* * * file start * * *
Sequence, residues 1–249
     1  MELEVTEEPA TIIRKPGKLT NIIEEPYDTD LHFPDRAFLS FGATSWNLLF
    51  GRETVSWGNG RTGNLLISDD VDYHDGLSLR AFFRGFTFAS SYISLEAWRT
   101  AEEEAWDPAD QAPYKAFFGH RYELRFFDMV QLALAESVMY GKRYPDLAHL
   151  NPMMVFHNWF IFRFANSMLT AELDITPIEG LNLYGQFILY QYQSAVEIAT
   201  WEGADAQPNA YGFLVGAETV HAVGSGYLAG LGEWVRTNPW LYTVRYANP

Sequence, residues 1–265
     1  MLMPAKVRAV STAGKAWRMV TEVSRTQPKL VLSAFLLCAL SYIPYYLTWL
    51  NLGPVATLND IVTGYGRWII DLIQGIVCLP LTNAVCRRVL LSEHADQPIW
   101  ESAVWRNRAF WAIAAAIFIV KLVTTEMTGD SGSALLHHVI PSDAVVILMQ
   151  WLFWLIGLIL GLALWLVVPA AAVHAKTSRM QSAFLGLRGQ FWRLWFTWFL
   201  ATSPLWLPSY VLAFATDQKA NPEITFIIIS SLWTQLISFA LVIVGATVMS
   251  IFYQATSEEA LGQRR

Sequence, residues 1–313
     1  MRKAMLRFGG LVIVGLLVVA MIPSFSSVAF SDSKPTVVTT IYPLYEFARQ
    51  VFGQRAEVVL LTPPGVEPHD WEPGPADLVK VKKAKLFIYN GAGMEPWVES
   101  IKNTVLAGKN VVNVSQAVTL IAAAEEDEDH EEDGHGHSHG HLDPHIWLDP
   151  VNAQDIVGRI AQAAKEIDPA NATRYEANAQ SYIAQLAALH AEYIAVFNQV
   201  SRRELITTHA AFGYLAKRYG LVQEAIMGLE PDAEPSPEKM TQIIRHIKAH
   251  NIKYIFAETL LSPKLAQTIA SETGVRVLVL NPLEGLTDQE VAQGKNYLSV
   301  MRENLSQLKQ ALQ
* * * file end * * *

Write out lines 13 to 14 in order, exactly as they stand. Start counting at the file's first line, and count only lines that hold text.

   251  IFYQATSEEA LGQRR

Sequence, residues 1–313